But there are more obstacles than the ones listed above. TPPs frequently find obstacles in the registration process, support communication, scope of account access, scope of data, access to the account when the user is not present, and many other areas.

Whatever the obstacles are, the EBA stresses that PSD2 APIs should not create unnecessary friction or add unnecessary steps to the customer journey.

The bigger picture

To understand the real importance of this EBA Opinion, we need to go back to basics on PSD2 and the RTS for Strong Customer Authentication (SCA) and Common Secure Communication (CSC).

After PSD2 was enforced in 2016, the EBA laid out how authorised TPPs – offering account information or payment initiation services – could access a customer's bank account. It was common for companies like Tink to do this by accessing the existing and proven customer interface, to provide valuable open banking services with the customer’s explicit consent.

But many banks indicated it would be better for their customers and back-end systems if TPPs only used a dedicated interface – PSD2 APIs – to access payment account data.

To protect established TPPs from the impact of poor PSD2 APIs, the EBA stated that banks could only receive an exemption from allowing TPPs to access the customer interface (know as a fallback exemption) if the PSD2 API met strict criteria:

  1. The PSD2 API is available for testing for six months and widely used for three months.

  2. The PSD2 API would perform as well as or better than the customer interface from a technical perspective.

  3. It would not create obstacles for the TPP when using the PSD2 API to offer open banking services.

Feedback and fallbacks

When the PSD2 APIs were first introduced – between March and September 2019 – many financial authorities hadn’t received any feedback from TPPs on whether the PSD2 APIs created obstacles. In countries where there were only a handful of licensed TPPs, authorities were quicker to provide fallback exemptions than in countries where established TPPs have been operating for many years.

Back in the summer of 2020, the EBA urged authorities to remove obstacles that were making it difficult for TPPs to offer competitive open banking services, whether they had received complaints about PSD2 APIs or not. But this newest opinion goes a step further.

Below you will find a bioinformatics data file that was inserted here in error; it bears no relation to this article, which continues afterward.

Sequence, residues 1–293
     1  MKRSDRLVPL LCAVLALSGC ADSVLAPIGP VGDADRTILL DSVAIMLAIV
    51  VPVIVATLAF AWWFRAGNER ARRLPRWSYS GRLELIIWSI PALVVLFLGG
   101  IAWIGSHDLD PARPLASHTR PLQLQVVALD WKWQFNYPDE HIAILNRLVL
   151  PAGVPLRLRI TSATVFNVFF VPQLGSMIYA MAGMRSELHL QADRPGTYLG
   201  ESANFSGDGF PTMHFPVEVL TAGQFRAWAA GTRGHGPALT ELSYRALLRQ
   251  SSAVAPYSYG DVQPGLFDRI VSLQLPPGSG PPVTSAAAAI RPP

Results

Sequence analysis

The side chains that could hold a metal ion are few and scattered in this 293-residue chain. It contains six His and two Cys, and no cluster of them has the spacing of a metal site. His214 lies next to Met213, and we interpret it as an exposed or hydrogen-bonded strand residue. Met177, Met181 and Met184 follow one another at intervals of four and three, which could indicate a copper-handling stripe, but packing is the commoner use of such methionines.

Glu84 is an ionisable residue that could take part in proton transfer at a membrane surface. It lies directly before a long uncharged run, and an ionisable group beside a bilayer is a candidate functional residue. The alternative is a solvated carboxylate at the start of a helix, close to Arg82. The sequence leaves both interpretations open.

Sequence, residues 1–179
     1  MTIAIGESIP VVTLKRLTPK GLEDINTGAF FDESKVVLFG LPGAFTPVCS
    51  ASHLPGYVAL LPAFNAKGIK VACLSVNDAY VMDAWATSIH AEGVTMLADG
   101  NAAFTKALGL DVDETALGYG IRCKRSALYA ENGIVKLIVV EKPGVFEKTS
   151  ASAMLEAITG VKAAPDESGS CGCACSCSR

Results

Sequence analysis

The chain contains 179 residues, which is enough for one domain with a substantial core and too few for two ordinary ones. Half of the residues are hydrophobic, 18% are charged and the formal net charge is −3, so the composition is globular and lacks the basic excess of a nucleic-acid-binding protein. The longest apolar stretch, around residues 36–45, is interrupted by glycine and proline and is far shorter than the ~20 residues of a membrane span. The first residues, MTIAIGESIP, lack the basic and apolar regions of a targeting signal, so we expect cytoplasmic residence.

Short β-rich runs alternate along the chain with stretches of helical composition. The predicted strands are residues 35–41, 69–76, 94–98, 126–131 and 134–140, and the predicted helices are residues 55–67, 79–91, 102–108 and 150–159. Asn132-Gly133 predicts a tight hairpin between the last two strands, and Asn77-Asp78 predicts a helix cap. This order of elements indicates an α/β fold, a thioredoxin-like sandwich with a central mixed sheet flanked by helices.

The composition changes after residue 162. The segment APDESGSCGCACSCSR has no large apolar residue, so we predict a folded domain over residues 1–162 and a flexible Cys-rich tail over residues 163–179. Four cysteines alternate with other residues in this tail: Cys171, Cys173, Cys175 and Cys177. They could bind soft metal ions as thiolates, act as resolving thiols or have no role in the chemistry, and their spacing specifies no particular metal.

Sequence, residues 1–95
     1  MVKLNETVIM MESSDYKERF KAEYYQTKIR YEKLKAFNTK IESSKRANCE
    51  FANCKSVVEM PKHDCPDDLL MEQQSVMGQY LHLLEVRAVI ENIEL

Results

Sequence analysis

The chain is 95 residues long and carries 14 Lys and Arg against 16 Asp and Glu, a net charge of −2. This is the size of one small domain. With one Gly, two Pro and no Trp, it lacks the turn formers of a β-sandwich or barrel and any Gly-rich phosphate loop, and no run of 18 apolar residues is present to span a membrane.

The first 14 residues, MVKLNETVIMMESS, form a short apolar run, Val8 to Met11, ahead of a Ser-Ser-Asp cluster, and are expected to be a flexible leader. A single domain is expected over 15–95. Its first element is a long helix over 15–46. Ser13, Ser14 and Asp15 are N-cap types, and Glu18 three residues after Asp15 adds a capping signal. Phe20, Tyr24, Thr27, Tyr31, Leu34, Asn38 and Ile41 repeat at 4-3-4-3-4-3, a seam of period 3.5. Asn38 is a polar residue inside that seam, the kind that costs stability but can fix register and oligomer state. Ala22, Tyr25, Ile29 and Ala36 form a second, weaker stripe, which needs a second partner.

The EBA is now asking financial authorities to enforce PSD2 and the RTS the way it is intended.

Now that the TPPs have been testing and using PSD2 APIs for 24 months, the EBA wants financial authorities to review the fallback exemptions and ensure that the obstacles in PSD2 APIs are identified and removed within reasonable time and with undue delay.

If banks don’t or can’t remove these obstacles, the authorities are expected to revoke the fallback exemptions – giving TPPs back the ability to provide open banking services through screen scraping or reverse engineering the customer interface. The EBA has even suggested that authorities have the power to impose fines for non-compliance, and the EBA will itself take action if inconsistencies are found in the application of PSD2 and the RTS after 30 April 2021.

We are glad that the EBA is clearly putting its foot down, to create the level playing field that is needed.

TL;DR – Quick summary

  • The EBA Opinion published on 22 February 2021 sets out that obstacles in PSD2 APIs are no longer subjective – and will no longer be tolerated.

  • This Opinion essentially tells financial authorities to revoke fallback exemptions if banks don’t remove obstacles from their APIs – suggesting banks that fail to comply can be fined.

  • The removal of obstacles will ultimately increase conversion, increase the adoption of open banking solutions, and ensure that payment initiation becomes a true alternative to many established payment technologies.